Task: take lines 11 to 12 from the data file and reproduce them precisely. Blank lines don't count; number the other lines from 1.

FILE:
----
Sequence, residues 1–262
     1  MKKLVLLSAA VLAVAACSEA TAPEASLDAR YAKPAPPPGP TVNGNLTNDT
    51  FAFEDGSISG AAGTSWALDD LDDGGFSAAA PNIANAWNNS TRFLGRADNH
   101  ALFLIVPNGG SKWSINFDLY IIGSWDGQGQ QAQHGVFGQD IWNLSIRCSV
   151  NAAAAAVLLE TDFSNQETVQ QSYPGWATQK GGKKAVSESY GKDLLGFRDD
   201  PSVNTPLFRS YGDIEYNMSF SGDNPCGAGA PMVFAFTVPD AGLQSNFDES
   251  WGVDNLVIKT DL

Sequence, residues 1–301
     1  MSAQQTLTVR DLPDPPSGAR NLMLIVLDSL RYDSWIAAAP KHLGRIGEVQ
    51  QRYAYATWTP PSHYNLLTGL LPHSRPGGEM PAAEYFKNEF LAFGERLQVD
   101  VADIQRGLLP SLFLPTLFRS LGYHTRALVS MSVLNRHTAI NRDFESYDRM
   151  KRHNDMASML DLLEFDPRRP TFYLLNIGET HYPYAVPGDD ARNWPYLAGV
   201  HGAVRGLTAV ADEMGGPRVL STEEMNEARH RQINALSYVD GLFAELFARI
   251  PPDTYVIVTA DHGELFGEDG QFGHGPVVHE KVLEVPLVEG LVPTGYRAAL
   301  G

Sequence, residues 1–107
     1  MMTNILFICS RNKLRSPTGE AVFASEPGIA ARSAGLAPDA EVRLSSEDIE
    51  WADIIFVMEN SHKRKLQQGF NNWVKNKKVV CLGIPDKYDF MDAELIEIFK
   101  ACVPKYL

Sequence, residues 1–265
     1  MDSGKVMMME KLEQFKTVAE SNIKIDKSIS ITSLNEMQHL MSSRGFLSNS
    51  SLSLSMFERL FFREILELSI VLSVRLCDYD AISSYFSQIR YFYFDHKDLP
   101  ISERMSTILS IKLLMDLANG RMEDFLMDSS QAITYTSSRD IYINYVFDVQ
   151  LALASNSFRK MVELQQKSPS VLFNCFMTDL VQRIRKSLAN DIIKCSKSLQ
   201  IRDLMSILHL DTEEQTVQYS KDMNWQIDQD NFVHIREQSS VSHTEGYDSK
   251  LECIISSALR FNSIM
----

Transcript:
   101  VADIQRGLLP SLFLPTLFRS LGYHTRALVS MSVLNRHTAI NRDFESYDRM
   151  KRHNDMASML DLLEFDPRRP TFYLLNIGET HYPYAVPGDD ARNWPYLAGV